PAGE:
As the recovery moves along at a rate that no one in the government could have expected, preparations for an exit strategy are likely well in place inside the Federal Reserve – at least, we’d like to think so. History shows us that the first few months surrounding a rate hike are not the best in terms of stock market performance. Higher rates naturally leads to concerns about future equity returns and results in some risk aversion. This fear of rate digestion soon turns to euphoria, however, and stocks pick up momentum as duration from the rate hike increases. Like much of Fed policy, however, the Fed tends to be late to the game. They tighten too late into the game and cut too late. Luckily, by the time they begin to cut it is likely that the recovery train will be approaching full speed and after a few bumps in the road we can expect some pretty solid stock market returns:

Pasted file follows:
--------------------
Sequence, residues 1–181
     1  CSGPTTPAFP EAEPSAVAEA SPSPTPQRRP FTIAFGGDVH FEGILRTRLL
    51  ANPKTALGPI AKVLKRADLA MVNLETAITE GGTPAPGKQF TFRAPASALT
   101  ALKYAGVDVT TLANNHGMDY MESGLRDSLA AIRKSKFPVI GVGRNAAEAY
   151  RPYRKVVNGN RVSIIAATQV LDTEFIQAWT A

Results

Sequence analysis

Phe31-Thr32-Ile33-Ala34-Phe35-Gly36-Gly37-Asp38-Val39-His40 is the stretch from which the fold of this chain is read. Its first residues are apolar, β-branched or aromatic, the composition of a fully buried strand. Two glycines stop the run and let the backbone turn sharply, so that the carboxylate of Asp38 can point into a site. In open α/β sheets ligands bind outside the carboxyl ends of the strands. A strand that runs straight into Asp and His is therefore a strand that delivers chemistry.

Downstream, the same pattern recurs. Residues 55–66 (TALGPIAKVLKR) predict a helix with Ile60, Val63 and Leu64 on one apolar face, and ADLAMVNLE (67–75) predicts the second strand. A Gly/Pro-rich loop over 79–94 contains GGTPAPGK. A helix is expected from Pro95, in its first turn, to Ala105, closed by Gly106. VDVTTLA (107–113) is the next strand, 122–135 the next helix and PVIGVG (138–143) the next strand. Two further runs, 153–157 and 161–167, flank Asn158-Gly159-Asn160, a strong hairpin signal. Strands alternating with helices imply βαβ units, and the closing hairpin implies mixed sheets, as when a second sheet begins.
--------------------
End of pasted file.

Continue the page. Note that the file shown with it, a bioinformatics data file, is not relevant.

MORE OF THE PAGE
Historical lessons when Fed starts to tighten. Our collective challenge will be to identify the start of tightening. But let’s keep it simple and focus on the first Fed rate hike, which normally flags the tightening phase. Note that Israel has already tightened, and Australia and Norway may tightenbefore year-end, too. The lessons from MSCI Europe performance around the first Fed rate hike are the following:
- Equity performance from 12 months prior up to 1-3 months prior to the first Fed rate hike are strong. Returns have been positive in 7 of 7 cycles since 1977 with average returns of 17% during the 12 months prior to the first Fed rate hike.
- The first hike typically leads to some indigestion with performance slowing ahead of the first Fed rate hike, and subsequent 3-month returns negative on average. The odds are also more mixed further out: subsequent 12-month returns averaged 10.4% with the market up in 57% of cases.
Source: MS Research